The Beverage Industry Rethinks Single-Serve

Water packaging edges toward sustainability
Photograph courtesy of Boxed Water

Single-serve beverages may rule the water category, but in recent years, the focus on plastic waste has sharpened. This has caused the larger companies to change their packaging.

“There’s been a massive amount of light-weighting in the bottle and the cap so consumers might even be finding the bottles more difficult to use because they collapse easier and they’re more difficult to close,” says Gary Hemphill, managing director of research for Beverage Marketing Corp., New York City. However, overall, he says, using less plastic is a win-win: It saves money on plastic, is an environmentally sound strategy and boosts the company’s image, especially with younger consumers.

Sustainability got a bit of a pass early in the pandemic, says Shelley Balanko, SVP of business development for The Hartman Group in Bellevue, Wash., as consumers wanted the security of single-serve bottles, but consumers are continuing to drive changes in packaging. “Sustainability has changed from something that’s nice to have to a purchase criteria. Consumers are expecting companies to be responsible, truly responsible to their end consumer,” she says.

Ben Gott founded Boxed Water in Grand Rapids, Mich., due to his concerns about plastic waste. The product, which is available in four sizes—250 mL, 330 mL, 500 mL and 1 liter—come in aseptic cartons made from 92% plant-based materials. There’s a thin layer of plastic to line the cartons and keep them from leaking—one-twelfth of what goes into a plastic bottle, and it doesn’t need to be formed or molded. "A lot of energy is required for those processes,” says Chief Marketing Officer Rob Koenen.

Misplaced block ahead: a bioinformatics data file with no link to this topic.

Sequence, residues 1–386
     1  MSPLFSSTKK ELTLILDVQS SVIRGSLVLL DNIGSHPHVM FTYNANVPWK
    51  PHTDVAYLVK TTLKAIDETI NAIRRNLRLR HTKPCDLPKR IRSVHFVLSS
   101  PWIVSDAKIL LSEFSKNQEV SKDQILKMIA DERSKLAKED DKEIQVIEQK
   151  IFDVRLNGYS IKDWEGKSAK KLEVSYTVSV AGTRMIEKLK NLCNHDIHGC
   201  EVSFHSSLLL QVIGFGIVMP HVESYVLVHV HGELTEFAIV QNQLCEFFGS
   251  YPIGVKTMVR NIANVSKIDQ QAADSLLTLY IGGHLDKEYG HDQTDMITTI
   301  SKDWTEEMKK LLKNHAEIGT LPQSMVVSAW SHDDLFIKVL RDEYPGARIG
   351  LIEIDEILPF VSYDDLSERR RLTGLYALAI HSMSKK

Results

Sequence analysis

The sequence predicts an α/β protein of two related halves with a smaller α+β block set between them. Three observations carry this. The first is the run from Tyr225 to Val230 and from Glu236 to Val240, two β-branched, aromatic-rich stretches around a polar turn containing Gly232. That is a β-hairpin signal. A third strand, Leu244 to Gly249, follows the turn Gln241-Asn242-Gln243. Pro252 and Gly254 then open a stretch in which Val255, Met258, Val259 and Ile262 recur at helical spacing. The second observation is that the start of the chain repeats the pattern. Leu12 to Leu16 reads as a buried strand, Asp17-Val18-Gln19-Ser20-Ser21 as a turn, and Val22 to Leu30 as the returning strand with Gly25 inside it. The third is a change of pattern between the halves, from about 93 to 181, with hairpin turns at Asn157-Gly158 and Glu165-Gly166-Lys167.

Boxed Water is in retailers across the country and is sold online too, with sales evenly split between the two. It’s also doing well in noncommercial foodservice and locations such as gyms “since people who care about their body tend to care about the planet,” Koenen says.

The pandemic has boosted sales of Boxed Water. “There’s been a heightened reality of plastic during the pandemic so more people are talking about plastic pollution,” Koenen says. And the people who like it are in general, younger (ages 34 to 45).

But he’s not kidding himself. “Boxed water is better than plastic, but refillable is best. But until there’s not 69 billion plastic bottles being made, we’re the best alternative," he says, adding that Boxed water bottles are refillable.

Sol Water also launched this fall, in cans, rather than plastic because they’re recyclable, says founder Calvin Engle. On top of that, he donates 5 cents to the Amazon for every can sold, which resonates with the type of consumers who drink this electrolyte water, he says, since people interested in their own health tend to be interested in the planet’s.

Nestle Waters North America (NWNA) is developing packaging for the future to help reach a circular economy and shape a waste-free future. It’s already increased its use of recycled plastic and is exploring new materials for alternative packaging solutions.

NWNA is committed to using 50% recycled PET (rPET) by 2025, and the company has steadily made progress toward that. Now, five of NWNA’s six regional spring water brands offer bottles made with recycled plastic, and four of these offer bottles made with 100% rPET.

And Coca-Cola, whose water brands include Dasani, is committed to making 100% of its packaging recyclable globally by 2025, and to use at least 50% recycled material in its packaging by 2030​.

And for the Dasani brand, the company is about to launch caps made from recycled high-density polyethylene plastic. During a pilot, the company also tested a monolayer label with 40% less plastic than existing labels. These new labels separate better in the recycling stream, which means bottles can be more easily recycled.

Bottles made with less plastic are a boon to beverage companies as well as the environment, says David Henkes, advisory group senior principal with Technomic, Chicago, because they’re lighter to ship. He expects to see packaging lightening up even more, and expects to see more water in cans, “but bottles are resealable, which is often how people consume it, whereas a can is mostly consumed at one time,” he says.

“I think innovations like Boxed Water are, over time, what consumers are going to be looking for,” he says. “It just might take a bit of a change in consumer mindset.”


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